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Tagcensorship

The concept of planet Earth similar to the COVID-19 virus
The concept of planet Earth similar to the COVID-19 virus

Twenty Years on, Aliens Still Cause Global Warming

Over the years, the Jurassic Park creator observed, science has drifted from its foundation as an objective search for truth toward political power games

In 2003, author and filmmaker Michael Crichton (1942–2008), best known for Jurassic Park, made a now-famous speech at Caltech, titled “Aliens Cause Global Warming.” The title was humorous but the content was serious. He was not addressing some strange theory of global warming; he was warning about the politicization of science. Crichton (left, in 2002, courtesy Jon Chase, Harvard CC 3.0), noted that, over the years, science has drifted away from its foundation as an objective search for truth and given itself over to political power games. The first time that he witnessed that was with the famous Drake Equation, used to turn SETI speculations about space aliens into a science. The Drake equation was a series of probabilities multiplied…

Woman in medical protective mask applying an antibacterial antiseptic gel for hands disinfection and health protection during during flu virus outbreak. Coronavirus quarantine and novel covid ncov

AI Is Not Ready to Moderate Content!

In the face of COVID-19 quarantines for human moderators, some look to AI to keep the bad stuff off social media

Big social media companies have long wanted to replace human content moderators with AI. COVID-19 quarantines have only intensified that discussion. But AI is far, far from ready to successfully moderate content in an age of where virtual monopolies make single point failure a frequent risk.

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Middle aged Asian man wearing glasses and medical face mask on public train, Wuhan coronavirus outbreak, air pollution and health concept

Coronavirus in a World Without Trust

In China, medical heroism thrives despite both paranoia and justified mistrust of authorities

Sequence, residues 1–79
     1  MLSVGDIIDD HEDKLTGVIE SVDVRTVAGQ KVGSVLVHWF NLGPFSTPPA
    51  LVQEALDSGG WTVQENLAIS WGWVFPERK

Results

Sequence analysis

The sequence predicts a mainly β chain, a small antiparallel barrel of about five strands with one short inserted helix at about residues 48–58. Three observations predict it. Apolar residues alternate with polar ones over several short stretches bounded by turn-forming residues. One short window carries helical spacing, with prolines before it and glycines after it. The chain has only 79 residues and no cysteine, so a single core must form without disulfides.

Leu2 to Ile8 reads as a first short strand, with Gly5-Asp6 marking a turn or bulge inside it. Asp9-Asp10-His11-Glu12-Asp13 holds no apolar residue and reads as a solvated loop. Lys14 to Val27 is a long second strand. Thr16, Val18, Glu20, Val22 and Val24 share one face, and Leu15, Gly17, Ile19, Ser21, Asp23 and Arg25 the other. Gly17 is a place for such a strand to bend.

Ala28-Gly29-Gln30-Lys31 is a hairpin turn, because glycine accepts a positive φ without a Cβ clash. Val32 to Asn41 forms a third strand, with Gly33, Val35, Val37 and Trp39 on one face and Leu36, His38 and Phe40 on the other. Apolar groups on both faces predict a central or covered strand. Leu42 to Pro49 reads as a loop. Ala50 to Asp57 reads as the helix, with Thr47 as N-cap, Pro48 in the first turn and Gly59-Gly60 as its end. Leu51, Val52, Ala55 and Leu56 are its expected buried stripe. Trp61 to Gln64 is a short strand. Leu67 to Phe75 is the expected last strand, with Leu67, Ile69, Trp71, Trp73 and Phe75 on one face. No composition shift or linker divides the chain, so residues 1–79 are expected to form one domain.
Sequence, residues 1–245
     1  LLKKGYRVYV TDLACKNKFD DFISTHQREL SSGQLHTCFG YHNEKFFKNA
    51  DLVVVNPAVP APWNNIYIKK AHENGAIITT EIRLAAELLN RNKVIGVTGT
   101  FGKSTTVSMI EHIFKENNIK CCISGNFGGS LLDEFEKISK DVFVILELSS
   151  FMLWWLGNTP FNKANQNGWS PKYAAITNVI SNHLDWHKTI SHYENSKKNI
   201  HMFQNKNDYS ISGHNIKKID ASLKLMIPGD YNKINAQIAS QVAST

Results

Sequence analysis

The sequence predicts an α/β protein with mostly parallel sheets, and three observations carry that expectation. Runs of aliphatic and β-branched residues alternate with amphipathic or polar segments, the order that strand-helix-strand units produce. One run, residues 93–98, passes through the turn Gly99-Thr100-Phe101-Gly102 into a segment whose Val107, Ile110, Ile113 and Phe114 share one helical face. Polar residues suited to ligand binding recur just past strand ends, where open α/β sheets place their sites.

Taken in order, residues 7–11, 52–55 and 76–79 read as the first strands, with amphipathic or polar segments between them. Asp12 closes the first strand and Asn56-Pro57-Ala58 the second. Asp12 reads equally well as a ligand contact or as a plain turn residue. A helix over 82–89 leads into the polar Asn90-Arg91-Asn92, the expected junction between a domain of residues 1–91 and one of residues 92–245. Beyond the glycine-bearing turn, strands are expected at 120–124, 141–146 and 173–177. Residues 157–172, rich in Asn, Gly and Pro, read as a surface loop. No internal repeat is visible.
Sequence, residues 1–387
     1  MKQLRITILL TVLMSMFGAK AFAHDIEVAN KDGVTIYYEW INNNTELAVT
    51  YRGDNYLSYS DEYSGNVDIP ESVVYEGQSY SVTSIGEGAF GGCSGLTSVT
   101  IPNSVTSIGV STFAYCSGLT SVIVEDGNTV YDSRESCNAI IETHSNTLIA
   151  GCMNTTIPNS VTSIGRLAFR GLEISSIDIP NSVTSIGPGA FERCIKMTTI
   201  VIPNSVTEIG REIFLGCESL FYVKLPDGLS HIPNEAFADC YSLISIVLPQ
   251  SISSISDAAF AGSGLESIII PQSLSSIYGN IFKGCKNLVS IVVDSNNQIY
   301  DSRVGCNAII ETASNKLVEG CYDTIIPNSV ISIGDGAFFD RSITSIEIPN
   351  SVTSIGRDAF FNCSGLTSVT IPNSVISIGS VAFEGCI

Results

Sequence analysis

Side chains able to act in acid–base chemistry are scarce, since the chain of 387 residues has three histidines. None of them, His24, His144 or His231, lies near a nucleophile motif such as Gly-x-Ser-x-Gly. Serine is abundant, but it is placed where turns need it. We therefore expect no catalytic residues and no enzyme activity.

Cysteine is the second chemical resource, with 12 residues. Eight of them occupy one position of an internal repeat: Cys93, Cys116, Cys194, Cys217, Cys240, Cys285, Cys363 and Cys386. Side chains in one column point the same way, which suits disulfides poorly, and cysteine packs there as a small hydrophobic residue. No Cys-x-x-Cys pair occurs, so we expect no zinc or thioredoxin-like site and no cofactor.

While China’s citizens are living in an information vacuum, the government has stepped up its surveillance strategies in order to track people who have been near someone infected with the coronavirus. Some commentators consider these measures disproportionate to the actual risk posed to others and in violation of human rights. Others see them as necessary.

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Rest in Peace Posters of Dr Li Wenliang, who warned authorities about the coronovirus outbreak seen at Hosier Lane in Melbourne, Australia. Hosier Lane is known for its street art.

Censorship? But Coronavirus Doesn’t Care!

Back when SARS was a threat, social media wasn’t the giant it is today. Censorship, secrecy, and detention are less effective tools of control now

Coronavirus provides a test. The Chinese Communist Party offers mainland Chinese people security and prosperity in exchange for the sacrifice of personal freedom. But when the government cannot uphold its end of the agreement—security—the people may become less tolerant of the human rights violations. And the age of information makes it much easier to discover them.

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Photo by Wherda Arsianto

Serious Media In China Have Gone Strangely Silent

With a compulsory new app, the government can potentially access journalists’ phones, both for surveillance and capturing data

Liu Hu sums up the scene in a few words: “Outside of China, journalists are fired for writing false reports… Inside China, they are fired for telling the truth.”

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China Button

The Unadvertised Cost of Doing Business with China